We’re releasing abstracts from the #YACPrime presentations held at #IPOS2019; click here for more!
Objectives: The current study seeks to describe the prevalence of fertility preservation (FP) knowledge, discussions, and engagement in a heterogeneous sample of Canadians diagnosed with cancer in young adulthood and test the relationship of these variables to later post-traumatic growth (PTG).
Methods: Data was taken from the YAC Prime study, a national cross-sectional survey of Canadians who were diagnosed with cancer between the ages of 15-39. This sub analysis included 487 individuals who were diagnosed after 2006, to coincide with the initial ASCO fertility clinical practice guidelines. Participants self-reported demographic and disease characteristics, responded to questions regarding their experience with FP, and completed the Post-Traumatic Growth Inventory.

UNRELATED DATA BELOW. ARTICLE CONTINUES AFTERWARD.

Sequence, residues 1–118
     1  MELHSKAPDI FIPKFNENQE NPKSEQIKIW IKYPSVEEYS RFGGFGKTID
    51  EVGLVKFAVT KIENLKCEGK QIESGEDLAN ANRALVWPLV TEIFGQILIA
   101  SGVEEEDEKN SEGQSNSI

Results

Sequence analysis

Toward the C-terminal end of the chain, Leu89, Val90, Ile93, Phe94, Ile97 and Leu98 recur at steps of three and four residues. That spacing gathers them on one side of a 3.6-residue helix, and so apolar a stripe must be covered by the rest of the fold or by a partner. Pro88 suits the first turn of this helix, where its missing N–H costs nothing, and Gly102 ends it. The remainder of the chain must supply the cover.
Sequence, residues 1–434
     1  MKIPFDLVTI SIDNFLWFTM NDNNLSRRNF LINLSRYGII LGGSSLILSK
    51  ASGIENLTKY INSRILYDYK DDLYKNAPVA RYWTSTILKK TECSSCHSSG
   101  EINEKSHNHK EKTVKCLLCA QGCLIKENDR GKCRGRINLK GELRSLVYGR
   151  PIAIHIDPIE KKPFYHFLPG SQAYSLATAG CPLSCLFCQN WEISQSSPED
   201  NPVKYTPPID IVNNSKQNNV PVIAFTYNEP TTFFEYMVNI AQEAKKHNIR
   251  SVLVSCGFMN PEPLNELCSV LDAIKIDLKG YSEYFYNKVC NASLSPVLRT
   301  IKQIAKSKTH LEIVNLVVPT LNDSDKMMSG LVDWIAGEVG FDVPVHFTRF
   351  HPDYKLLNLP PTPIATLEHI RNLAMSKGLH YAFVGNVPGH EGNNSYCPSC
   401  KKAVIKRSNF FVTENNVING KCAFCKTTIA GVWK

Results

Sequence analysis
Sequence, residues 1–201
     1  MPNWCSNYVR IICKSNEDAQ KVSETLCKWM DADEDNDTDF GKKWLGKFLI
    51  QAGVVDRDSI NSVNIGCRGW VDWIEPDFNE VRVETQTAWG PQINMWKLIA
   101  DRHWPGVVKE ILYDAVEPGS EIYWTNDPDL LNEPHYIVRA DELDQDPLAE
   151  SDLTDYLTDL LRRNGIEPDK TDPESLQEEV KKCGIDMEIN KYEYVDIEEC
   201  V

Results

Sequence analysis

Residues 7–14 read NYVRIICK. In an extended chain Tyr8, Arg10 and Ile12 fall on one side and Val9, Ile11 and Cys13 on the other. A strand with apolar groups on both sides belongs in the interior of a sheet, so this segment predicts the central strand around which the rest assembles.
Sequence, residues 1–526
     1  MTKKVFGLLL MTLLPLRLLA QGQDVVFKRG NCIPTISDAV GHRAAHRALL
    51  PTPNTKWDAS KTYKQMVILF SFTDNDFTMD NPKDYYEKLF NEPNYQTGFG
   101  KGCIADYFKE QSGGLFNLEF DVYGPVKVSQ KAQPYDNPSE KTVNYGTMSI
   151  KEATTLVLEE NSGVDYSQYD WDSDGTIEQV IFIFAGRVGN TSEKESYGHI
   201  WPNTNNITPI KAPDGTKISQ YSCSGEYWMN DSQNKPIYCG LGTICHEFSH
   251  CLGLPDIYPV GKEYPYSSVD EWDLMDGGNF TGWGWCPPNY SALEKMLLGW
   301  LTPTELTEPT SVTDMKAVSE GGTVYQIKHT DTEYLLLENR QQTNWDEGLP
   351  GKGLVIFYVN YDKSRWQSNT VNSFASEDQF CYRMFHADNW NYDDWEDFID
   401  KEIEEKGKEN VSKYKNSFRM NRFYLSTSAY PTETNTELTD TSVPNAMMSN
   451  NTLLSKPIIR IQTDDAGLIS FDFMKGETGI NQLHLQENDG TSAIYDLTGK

Results: On average the sample was 43.43 years old (SD=5.38), primarily female (n = 423, 87 per cent), and self-identified as white (n=425, 87 per cent). 81 per cent reported awareness of risk, 50 per cent discussed FP, and 12 per cent pursued FP. PTG was higher for those with knowledge of fertility risk [F(1, 481)=6.49; p =.011], but did not differ between those who discussed FP vs. not, or made arrangements vs. not. Those who reported not engaging in FP because of their own choice [F(1, 422)=7.31; p =.007] or their doctor’s recommendation not to delay treatment [F(1, 422)=8.23; p =.004] reported significantly higher PTG.
Conclusion and Clinical Implications: Although awareness of risk is high, only half of young adults report having had conversations about FP with their team. The results suggest that constructing a “story” around choices made during treatment may positively influence later PTG.